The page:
The hollowness of the sustainability of the cities, especially those that used to boast about their commitment to the SDGs (sustainable development goals), was squarely exposed during the lockdown imposed in March this year. Much literature with local empiricism has also been reported widely about the plight of the workers in the urban centres.
In such a given scenario in the last eight months where almost 75% of the relief work was carried out by the non-governmental sector comprising trade unions, civil society groups etc. This thoroughly exposed the claims made by the government of different economic tranches released to help the poor in the country.
In such a background, Leh, a small town in the North and the capital of Ladakh (now a union territory) is experiencing small interventions by different groups, including the Leh city council, in the city to make it liveable; it is a ray of hope for the working people in cities, especially the sanitation workers. Since the vision document of Leh materialised, I have been a part and parcel of the deliberations of a liveable Leh vision.
The Leh town is at an altitude of about 3,400 metres above mean sea level and is also called the winter desert. The temperature in the winters falls to minus 25-30 degree Celsius. The lakes freeze and the river Indus flowing below the town also freezes partially. In such a harsh climate, the sanitation workers continue to work and keep the town clean.
The Leh town probably became one of the first of its kind in urban India to start a ‘free wash’ facility for its sanitation workers.
WHAT IT IS ALL ABOUT
The sanitation workers provide the most essential public service. A service which far too often comes at the cost of health, safety and dignity of the workers. Despite the important work they do, they have been given less attention by the people and various city and state governments. Also, with the current pandemic showing no signs of abating, sanitation workers are at an increased risk of infection.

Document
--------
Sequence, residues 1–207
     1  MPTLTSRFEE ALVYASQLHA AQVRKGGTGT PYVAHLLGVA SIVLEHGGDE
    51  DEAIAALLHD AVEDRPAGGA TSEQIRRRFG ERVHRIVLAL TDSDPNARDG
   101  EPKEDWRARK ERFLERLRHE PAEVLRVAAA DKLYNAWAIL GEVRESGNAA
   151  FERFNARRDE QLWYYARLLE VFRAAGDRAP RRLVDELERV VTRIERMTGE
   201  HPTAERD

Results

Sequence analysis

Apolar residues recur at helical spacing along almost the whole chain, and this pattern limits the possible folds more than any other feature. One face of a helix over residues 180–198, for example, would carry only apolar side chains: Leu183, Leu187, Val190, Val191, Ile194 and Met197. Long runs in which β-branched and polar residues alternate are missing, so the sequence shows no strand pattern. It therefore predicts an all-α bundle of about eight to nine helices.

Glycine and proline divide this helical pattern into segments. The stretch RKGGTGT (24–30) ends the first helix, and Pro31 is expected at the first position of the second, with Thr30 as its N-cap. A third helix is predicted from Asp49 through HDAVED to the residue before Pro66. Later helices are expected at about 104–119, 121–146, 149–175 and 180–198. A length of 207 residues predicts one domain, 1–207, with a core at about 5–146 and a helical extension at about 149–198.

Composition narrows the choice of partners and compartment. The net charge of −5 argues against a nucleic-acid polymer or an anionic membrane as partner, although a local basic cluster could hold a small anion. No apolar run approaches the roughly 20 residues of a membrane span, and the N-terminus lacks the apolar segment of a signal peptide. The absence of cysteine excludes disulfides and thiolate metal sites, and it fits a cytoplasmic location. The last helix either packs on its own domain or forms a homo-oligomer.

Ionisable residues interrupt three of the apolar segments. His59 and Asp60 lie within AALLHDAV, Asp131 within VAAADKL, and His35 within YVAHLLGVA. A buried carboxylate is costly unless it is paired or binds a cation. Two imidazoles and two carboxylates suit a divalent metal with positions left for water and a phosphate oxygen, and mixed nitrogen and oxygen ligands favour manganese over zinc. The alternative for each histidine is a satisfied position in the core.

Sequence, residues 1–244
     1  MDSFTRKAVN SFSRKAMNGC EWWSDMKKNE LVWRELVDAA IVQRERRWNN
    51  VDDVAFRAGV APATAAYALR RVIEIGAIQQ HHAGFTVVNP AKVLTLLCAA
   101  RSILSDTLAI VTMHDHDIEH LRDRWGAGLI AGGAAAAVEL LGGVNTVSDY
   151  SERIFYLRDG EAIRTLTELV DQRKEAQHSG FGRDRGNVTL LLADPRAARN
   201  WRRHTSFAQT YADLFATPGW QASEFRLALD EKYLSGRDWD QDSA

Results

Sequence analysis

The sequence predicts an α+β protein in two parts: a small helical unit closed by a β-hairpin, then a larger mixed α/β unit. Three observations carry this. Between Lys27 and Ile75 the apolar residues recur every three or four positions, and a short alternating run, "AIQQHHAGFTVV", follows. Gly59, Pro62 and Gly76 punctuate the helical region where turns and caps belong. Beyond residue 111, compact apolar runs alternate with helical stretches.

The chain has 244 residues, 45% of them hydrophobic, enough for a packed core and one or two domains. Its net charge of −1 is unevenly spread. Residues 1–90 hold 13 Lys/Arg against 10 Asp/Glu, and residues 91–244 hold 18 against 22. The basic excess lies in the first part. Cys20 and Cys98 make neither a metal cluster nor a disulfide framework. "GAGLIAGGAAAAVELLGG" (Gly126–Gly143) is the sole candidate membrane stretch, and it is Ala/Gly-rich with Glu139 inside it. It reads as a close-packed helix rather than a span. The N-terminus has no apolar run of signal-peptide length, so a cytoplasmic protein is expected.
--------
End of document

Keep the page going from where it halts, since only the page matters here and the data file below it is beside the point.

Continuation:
With the support of the municipal committee of Leh, BORDA (Bremen Overseas Research Development Association) and LEDeG (a well know NGO working in Leh for ecological development), a plan to improve the working conditions of the sanitation workers while reducing the health hazards faced by them on a day to day basis was laid out. Leh town has around 140 sanitation workers working for the Leh municipal council on everyday SWM (solid waste management) activities such as waste collection, waste segregation, street sweeping etc. Most sanitation workers reside in informal settlements without proper access to water or toilets and often live in an unhygienic condition. Majority of these works are contract based with no employment or health benefits or social protection and low pay (Rs 7,000-8,000 per month).
FEATURES FOR WASH FACILITY
The wash facility is provided in Skampari, a location near the municipal council office and workers housing settlement, where it is easily accessible and will be used by all sanitation workers on everyday basis. The facility is planned over 1008 square feet and is expected to be implemented on ground by the end of November, 2020.
The facility will have improved toilet and bathing facility for both men and women, provision for black and grey water treatment and reuse of treated water along with various additional features.
The workers, after finishing their sanitation work, will have free access to this facility. It will include: